Compare any two graphics cards:
Radeon HD 3870 512MB vs Radeon HD 6670 (OEM) 1GB
IntroThe Radeon HD 3870 512MB makes use of a 55 nm design. AMD has clocked the core speed at 775 MHz. The GDDR3 RAM runs at a frequency of 900 MHz on this particular card. It features 320(64x5) SPUs along with 16 Texture Address Units and 16 Rasterization Operator Units.
Compare those specifications to the Radeon HD 6670 (OEM) 1GB, which has core clock speeds of 800 MHz on the GPU, and 1000 MHz on the 1024 MB of GDDR5 RAM. It features 480 SPUs as well as 24 Texture Address Units and 8 ROPs.
(No game benchmarks for this combination yet.)
Power Usage and Theoretical Benchmarks
Power Consumption (Max TDP)
The Radeon HD 6670 (OEM) 1GB should theoretically be a little bit faster than the Radeon HD 3870 512MB in general. (explain)
Texel RateThe Radeon HD 6670 (OEM) 1GB will be a lot (approximately 55%) better at anisotropic filtering than the Radeon HD 3870 512MB. (explain)
Pixel RateThe Radeon HD 3870 512MB will be quite a bit (approximately 94%) more effective at FSAA than the Radeon HD 6670 (OEM) 1GB, and also capable of handling higher screen resolutions without losing too much performance. (explain)
Please note that the above 'benchmarks' are all just theoretical - the results were calculated based on the card's specifications, and real-world performance may (and probably will) vary at least a bit.
Please note that the price comparisons are based on search keywords - sometimes it might show cards with very similar names that are not exactly the same as the one chosen in the comparison. We do try to filter out the wrong results as best we can, though.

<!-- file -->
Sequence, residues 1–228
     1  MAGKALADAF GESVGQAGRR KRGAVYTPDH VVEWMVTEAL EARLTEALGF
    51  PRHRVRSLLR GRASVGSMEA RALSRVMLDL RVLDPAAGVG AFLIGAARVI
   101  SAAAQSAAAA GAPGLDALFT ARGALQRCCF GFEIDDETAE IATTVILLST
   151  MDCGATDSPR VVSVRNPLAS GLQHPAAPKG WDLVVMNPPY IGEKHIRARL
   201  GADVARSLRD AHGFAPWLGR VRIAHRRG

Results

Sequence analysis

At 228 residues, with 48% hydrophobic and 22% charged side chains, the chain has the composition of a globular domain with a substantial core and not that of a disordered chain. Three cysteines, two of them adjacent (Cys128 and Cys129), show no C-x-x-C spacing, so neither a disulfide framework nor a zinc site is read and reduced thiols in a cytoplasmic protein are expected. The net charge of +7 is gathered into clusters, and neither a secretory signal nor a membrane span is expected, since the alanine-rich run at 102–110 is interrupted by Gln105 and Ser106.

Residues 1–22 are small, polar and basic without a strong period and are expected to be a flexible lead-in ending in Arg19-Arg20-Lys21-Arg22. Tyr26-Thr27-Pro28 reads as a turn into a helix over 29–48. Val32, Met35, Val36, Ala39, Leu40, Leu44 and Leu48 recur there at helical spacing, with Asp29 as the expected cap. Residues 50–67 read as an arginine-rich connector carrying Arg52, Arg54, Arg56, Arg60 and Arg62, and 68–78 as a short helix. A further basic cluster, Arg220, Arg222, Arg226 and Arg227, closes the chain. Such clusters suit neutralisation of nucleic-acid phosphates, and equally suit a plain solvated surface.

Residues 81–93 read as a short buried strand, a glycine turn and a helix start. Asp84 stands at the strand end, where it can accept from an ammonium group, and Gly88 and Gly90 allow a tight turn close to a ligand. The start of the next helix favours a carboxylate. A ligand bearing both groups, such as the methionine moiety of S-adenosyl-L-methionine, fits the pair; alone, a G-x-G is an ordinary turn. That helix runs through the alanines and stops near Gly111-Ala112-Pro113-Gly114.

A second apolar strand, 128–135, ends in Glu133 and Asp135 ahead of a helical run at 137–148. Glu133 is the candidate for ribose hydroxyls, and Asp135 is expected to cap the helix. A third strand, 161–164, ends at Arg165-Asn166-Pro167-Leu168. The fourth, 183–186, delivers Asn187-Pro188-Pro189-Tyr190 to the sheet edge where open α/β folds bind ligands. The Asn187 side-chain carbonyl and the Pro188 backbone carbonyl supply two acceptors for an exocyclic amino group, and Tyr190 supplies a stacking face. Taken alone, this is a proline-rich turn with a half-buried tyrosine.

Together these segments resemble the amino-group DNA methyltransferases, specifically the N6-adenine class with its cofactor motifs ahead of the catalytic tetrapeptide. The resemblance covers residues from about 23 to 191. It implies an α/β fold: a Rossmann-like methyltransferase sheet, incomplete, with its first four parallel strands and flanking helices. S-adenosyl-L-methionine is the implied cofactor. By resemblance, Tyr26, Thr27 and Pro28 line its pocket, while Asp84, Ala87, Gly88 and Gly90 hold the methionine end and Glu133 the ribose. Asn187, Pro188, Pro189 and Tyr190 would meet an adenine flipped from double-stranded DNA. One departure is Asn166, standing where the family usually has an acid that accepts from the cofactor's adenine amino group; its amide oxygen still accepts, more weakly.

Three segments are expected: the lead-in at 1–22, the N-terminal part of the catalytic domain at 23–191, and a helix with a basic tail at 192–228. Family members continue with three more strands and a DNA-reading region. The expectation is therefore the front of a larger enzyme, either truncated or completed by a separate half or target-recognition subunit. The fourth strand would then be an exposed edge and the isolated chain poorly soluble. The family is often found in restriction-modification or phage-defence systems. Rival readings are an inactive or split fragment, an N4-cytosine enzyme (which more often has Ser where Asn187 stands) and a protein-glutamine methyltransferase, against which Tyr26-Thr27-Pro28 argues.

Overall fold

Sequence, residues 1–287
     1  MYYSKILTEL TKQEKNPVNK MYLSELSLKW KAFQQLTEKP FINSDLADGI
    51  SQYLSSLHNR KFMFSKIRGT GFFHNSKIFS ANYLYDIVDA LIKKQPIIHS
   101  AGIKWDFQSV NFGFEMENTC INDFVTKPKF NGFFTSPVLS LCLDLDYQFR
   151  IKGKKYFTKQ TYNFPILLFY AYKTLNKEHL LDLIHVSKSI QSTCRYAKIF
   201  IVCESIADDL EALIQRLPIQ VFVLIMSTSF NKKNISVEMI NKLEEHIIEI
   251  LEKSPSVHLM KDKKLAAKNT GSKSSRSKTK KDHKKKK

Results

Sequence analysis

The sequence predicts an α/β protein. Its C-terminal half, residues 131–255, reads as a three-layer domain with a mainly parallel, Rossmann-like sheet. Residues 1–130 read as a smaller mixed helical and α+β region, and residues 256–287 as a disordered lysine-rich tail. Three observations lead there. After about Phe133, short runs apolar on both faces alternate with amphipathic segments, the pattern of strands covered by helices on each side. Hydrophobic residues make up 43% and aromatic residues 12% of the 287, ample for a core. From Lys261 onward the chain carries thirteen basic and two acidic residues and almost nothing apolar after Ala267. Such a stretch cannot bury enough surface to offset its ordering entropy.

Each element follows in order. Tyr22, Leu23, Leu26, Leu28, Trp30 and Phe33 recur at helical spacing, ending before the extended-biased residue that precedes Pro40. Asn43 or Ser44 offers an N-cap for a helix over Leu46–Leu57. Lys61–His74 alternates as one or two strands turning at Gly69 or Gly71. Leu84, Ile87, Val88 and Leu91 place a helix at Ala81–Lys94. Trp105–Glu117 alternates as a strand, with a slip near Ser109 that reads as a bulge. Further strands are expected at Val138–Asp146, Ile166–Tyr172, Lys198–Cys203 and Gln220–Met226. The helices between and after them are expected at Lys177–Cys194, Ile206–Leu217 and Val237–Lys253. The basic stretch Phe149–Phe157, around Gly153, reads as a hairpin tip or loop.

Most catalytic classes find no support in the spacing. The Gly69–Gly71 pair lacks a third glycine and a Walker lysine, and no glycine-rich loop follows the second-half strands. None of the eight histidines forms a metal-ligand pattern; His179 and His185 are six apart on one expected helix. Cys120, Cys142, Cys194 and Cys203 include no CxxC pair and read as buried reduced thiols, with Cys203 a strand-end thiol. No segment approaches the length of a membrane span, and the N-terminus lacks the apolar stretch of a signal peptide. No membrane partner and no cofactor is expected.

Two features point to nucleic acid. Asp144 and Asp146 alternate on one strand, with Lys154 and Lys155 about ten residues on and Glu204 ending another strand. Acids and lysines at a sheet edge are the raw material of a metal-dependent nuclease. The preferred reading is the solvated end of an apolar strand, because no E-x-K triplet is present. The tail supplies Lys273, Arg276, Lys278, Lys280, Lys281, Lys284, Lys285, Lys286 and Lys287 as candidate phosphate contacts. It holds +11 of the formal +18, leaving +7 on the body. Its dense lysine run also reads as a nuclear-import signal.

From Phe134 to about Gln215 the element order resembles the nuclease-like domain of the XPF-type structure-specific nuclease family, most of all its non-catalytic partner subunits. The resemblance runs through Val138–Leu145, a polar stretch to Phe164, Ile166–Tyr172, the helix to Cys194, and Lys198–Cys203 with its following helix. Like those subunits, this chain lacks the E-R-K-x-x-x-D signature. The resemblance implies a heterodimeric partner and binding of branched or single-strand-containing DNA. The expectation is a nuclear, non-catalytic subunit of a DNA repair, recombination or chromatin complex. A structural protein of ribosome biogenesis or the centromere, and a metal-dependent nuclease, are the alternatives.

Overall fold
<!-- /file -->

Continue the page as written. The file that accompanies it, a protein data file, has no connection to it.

Memory Bandwidth: Bandwidth is the maximum amount of information (counted in MB per second) that can be transported past the external memory interface within a second. It is worked out by multiplying the bus width by its memory speed. In the case of DDR type RAM, it must be multiplied by 2 once again. If DDR5, multiply by ANOTHER 2x. The higher the card's memory bandwidth, the faster the card will be in general. It especially helps with anti-aliasing, HDR and higher screen resolutions.
Texel Rate: Texel rate is the maximum number of texture map elements (texels) that are processed per second. This number is worked out by multiplying the total amount of texture units of the card by the core clock speed of the chip. The higher the texel rate, the better the graphics card will be at handling texture filtering (anisotropic filtering - AF). It is measured in millions of texels processed in a second.
Pixel Rate: Pixel rate is the most pixels the graphics card could possibly record to the local memory per second - measured in millions of pixels per second. The number is worked out by multiplying the amount of Raster Operations Pipelines by the the core speed of the card. ROPs (Raster Operations Pipelines - sometimes also referred to as Render Output Units) are responsible for outputting the pixels (image) to the screen. The actual pixel rate also depends on lots of other factors, especially the memory bandwidth - the lower the memory bandwidth is, the lower the potential to get to the max fill rate.